This article forms part of our coronavirus resource hub and, in particular, develops on a series of articles relevant to the Coronavirus Business Interruption Loan Scheme (CBILS).
Yesterday the Chancellor announced the so-called Bounce Back Loan Scheme which is the latest addition to the suite of support measures available for businesses.
Under the scheme businesses will be able to borrow between £2,000 and £50,000. The Chancellor’s recent tweets suggest the borrowing amount will be 25% of turnover up to a maximum of £50,000 albeit the available guidance online does not reflect this yet.
The Government will provide accredited lenders with a 100% guarantee for the loan and will meet any lender fees and interest payments for the first 12 months. In addition, there will be no repayments due within the first 12 months.
Importantly, the scheme is advertised as a fast-track finance scheme with cash arriving within 24 hours of approval.
The scheme is due for launch at 9am on Monday 4 May. Businesses will apply for the loan through a quick, short and standardised online application.
The Chancellor’s twitter account published further guidance on the application criteria stating that ‘there will be no forward-looking tests of business viability; no complex eligibility criteria’.
A business can apply for a loan if it:
It appears this final requirement looks to address the hesitancy towards the taxpayer funding small businesses that were already going to fail prior to the coronavirus pandemic. There are particular tests relevant to this requirement, details of which fall outside the scope of this article.
The existing loan scheme available to small business, CBILS, has been viewed as failing to support small sized businesses suffering from cash flow disruption as a result of coronavirus.
Our previous articles on CBILS (available at our coronavirus resource hub) have highlighted some of the hurdles businesses have struggled to overcome. These included strict lender eligibility requirements and the lender’s preference to lend on commercial terms only.
The Bounce Back Loan Scheme promises to do exactly what CBILS has arguably struggled to do and offer an easier means of obtaining cash quickly for small businesses in need. The 100% government-backed guarantee reflects industry and media pressure to increase the lender’s appetite to lend by providing greater security and comfort through a higher guarantee.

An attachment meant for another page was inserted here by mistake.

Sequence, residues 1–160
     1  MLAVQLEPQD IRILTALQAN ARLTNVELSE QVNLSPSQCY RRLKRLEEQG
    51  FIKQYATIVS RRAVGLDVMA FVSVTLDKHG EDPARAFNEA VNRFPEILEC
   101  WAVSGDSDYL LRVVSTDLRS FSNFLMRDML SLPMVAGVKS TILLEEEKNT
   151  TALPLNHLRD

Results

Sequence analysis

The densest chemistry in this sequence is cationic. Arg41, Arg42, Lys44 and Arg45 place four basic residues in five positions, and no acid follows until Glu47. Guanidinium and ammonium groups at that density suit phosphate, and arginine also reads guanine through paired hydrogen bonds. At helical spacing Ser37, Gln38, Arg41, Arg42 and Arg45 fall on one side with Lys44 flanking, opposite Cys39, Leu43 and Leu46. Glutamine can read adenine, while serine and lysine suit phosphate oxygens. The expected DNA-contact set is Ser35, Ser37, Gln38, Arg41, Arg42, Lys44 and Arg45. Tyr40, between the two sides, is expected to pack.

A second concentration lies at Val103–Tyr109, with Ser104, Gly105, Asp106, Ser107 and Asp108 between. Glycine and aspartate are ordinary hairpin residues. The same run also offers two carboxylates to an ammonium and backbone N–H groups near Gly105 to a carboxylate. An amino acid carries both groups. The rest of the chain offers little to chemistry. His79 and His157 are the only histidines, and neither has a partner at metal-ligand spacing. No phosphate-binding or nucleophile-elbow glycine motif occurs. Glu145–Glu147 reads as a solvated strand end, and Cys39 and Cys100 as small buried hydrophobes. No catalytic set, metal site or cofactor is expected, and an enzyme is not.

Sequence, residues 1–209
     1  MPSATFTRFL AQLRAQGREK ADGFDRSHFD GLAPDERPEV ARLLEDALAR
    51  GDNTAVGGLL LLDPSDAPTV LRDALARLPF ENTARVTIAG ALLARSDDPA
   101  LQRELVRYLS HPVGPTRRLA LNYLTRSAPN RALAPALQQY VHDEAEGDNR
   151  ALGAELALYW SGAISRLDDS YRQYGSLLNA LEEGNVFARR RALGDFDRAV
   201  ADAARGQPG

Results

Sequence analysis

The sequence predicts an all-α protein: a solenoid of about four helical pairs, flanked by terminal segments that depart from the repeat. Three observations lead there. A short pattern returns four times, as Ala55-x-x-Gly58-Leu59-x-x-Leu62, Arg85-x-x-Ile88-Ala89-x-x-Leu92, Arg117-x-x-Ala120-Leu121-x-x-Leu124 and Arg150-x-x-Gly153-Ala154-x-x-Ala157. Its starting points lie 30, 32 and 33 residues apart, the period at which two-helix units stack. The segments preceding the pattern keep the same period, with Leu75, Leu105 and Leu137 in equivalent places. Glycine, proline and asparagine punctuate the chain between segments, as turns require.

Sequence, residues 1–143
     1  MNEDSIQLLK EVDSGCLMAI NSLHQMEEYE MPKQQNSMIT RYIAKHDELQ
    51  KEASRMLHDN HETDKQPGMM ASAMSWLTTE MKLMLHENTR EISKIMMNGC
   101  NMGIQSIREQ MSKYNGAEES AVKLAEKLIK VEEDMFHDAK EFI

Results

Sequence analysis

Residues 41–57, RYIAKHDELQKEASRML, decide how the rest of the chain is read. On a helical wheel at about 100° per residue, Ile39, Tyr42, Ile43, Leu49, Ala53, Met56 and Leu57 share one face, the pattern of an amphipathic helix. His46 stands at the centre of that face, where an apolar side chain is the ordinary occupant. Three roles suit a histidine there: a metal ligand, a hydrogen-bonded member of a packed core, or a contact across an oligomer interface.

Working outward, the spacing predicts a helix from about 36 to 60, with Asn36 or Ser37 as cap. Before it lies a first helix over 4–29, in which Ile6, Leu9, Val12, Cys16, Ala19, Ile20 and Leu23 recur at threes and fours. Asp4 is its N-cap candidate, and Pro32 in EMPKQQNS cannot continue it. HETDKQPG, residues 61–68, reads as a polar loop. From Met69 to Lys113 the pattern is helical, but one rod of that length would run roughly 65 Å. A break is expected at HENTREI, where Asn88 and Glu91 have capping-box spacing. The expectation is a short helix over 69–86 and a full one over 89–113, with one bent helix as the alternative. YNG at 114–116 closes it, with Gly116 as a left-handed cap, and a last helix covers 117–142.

The focus on speed of delivery of loans looks to mitigate concerns CBILS requirements were frequently onerous and fraught with delays.
It is important to note that if a business is claiming under CBILS, it will not be eligible under the Bounce Back Loan Scheme. However, a business that received a loan of up to £50,000 can transfer it to the new scheme until 4 November 2020, thereby benefitting from some of its more favourable provisions.
Swift delivery will be key to the success of the new scheme. The promise of a quick, simple process without arduous requirement may well mean delivery can match need. This could enable the UK to move closer to our European counterparts with an effective method of providing finance to small businesses.
The success of the scheme will also naturally depend on whether businesses are comfortable with increasing their lending in these unprecedented times, balancing the need for short-term cash against potentially high interest rates after 12 months. Directors will further be keen to ensure their decision to increase lending aligns with their directors’ duties and in light of the insolvency related offences (more here).
The announcement is, without doubt, welcomed by small business and we may find medium sized businesses carefully monitoring the performance of the scheme. If it is delivered successfully, the calls for 100% government-backed guaranteed CBILS loans may become louder.
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